Alberta manufacturers, retailers struggle with fallout from blockades on CN Rail lines

Alberta manufacturers, retailers struggle with fallout from blockades on CN Rail lines
“The interruption is a significant concern to our clients, who depend on Canadian manufacturing,” said David McHattie, the institutional relations director of Tenaris, a manufacturer of steel pipes in Calgary and Nisku.

“This is a challenge that’s beyond just an Alberta challenge. This is a national challenge and we’d like the federal government to step in and restore the rule of law and help Canada’s manufacturing and energy supply chain work effectively.”

Anti-pipeline demonstrators have ground freight traffic across most of Canada to a halt, with CN Rail announcing a “progressive and orderly shutdown of its Eastern Canadian network” Thursday and suspending all transcontinental trains.

The protesters are forming blockades in solidarity with the Wet’suwet’en First Nation. Hereditary chiefs from the First Nation oppose the $6.6-billion Coastal GasLink pipeline project, which runs through parts of the traditional Wet’suwet’en territory in northwest British Columbia. Elected councils support the pipeline.

The blockades have led to a backlog of freight trains and vessels, with dozens of ships sitting idle, waiting to be loaded at the Port of Vancouver. Many businesses are turning to trucking companies to fill some of the gaps left by the CN Rail closures, but the option comes with logistical and financial challenges.

“Today we have inventory and we have the ability to ship things by truck, but this will be at a higher logistics cost,” said McHattie, adding that shipping by truck will cost the business about 10 per cent more than rail.

“It’s not sustainable in the long run.”

According to Karl Littler, senior vice-president public affairs of the Retail Council of Canada, the stoppage will likely be felt most strongly for time-sensitive items, like fresh food , but other products could also be impacted.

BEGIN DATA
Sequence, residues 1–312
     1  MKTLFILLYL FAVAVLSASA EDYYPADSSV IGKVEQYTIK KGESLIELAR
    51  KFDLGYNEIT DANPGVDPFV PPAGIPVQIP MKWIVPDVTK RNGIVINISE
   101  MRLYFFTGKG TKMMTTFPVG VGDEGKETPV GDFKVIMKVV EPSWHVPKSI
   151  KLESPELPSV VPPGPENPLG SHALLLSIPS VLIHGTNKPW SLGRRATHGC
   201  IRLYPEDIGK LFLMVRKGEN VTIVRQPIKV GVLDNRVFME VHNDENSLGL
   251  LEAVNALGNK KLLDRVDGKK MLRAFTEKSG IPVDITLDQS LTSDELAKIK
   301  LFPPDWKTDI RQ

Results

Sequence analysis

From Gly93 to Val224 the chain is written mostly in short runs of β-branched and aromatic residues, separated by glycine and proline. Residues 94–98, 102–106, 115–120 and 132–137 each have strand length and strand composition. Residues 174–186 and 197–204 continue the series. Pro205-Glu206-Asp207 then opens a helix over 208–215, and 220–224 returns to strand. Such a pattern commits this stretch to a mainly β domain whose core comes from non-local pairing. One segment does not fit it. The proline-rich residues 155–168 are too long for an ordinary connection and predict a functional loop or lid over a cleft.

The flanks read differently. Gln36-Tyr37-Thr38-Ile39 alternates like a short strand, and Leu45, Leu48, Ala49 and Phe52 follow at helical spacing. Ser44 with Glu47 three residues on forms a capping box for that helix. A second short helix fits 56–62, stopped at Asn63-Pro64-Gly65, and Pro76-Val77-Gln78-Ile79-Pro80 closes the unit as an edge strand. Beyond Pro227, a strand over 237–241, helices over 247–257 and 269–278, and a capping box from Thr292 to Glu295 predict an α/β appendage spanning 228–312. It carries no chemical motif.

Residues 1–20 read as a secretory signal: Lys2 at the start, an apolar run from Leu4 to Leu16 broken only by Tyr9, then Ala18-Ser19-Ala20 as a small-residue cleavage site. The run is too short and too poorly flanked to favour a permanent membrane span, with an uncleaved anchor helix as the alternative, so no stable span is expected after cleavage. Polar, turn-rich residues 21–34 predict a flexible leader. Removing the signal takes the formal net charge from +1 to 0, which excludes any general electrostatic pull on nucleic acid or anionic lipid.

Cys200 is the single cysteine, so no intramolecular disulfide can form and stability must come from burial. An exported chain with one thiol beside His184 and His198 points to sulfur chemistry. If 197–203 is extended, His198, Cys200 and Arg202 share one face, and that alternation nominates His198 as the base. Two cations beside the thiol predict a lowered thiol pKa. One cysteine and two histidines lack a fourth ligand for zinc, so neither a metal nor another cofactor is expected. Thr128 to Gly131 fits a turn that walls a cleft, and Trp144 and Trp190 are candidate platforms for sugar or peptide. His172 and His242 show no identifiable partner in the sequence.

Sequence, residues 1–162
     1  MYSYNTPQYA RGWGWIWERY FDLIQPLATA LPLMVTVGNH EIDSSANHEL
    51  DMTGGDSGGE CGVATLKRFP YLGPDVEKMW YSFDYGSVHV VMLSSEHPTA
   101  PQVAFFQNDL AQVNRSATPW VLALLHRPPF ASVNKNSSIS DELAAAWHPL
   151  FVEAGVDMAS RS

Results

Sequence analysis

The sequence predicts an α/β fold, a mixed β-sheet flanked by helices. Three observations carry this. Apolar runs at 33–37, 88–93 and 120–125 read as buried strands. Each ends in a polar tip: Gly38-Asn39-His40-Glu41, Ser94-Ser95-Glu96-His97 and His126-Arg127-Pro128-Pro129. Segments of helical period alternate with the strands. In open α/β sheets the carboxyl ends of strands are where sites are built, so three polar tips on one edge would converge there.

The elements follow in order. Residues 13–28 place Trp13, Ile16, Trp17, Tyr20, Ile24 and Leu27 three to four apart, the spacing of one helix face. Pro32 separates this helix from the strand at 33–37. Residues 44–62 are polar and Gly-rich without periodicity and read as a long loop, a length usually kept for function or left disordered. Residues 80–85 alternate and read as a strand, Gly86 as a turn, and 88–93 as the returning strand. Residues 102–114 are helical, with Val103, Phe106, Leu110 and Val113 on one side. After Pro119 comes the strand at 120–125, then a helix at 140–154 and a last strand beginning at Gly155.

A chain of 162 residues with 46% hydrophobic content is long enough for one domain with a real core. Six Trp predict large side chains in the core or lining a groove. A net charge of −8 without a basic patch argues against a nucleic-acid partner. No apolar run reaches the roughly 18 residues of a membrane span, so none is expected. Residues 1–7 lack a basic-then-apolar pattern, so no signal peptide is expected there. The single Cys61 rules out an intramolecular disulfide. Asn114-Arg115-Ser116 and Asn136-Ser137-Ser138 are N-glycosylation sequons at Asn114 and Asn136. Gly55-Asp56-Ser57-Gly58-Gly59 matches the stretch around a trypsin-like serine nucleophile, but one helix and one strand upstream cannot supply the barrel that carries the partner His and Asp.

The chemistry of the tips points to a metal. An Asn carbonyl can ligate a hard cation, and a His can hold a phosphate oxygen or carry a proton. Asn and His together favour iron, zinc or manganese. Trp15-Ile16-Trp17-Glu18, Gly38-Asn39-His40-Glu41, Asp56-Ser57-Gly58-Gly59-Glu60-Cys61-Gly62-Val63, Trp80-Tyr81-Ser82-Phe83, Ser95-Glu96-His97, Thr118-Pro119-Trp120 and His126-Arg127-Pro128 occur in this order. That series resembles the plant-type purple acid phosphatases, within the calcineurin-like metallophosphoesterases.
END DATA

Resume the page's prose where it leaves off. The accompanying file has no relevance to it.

“It’s important to think about things like fire alarms, hygiene products and infant formula. A lot of that stuff moves on rail,” Littler said. “Eventually there will be shortages and completed stock. There’s no major alternative transportation network.”

The impact will likely be most notable in rural communities far from the United States border.

“If you’re up north, in Fort McMurray, or somewhere like that, it’s going to be harder,” Littler said. “Most of the work is done by rail and the last bit is done by trucks, and there’s not enough trucks to service all of this. It’s going to be a challenge.”

The stoppage is resulting in expanded demand that Alberta’s trucking industry says they’re having difficulty filling.

Chris Nash, president of the Alberta Motor Transport Association, says there’s less demand for short-distance deliveries as companies try to make up for rail outages.

“With the CN Rail blockades, it’s probable long-haul carriers are seeing increases in order to keep product moving,” Nash said. “In turn, short-haul carriers might be seeing declines in companies providing drayage.”

Non-oil and gas businesses are frustrated they’ve been caught up in a pipeline protest.

“In a sense, you feel like you’ve been kind of sideswiped by it,” Littler said.

Amid pressure to end the blockades, Prime Minister Justin Trudeau said Friday the disruptions must be resolved through dialogue, not by ordering in the police, making it clear the federal government had no plans to make the RCMP dismantle the blockades.

Protests continued in B.C. and Ontario Friday, with activists planning to shut down government offices in Victoria. Indigenous leaders in B.C.’s northwest have invited federal and provincial politicians to meetings to find solutions, and said they would ensure a blockade of a CN track near New Hazelton, B.C., would come down during talks.
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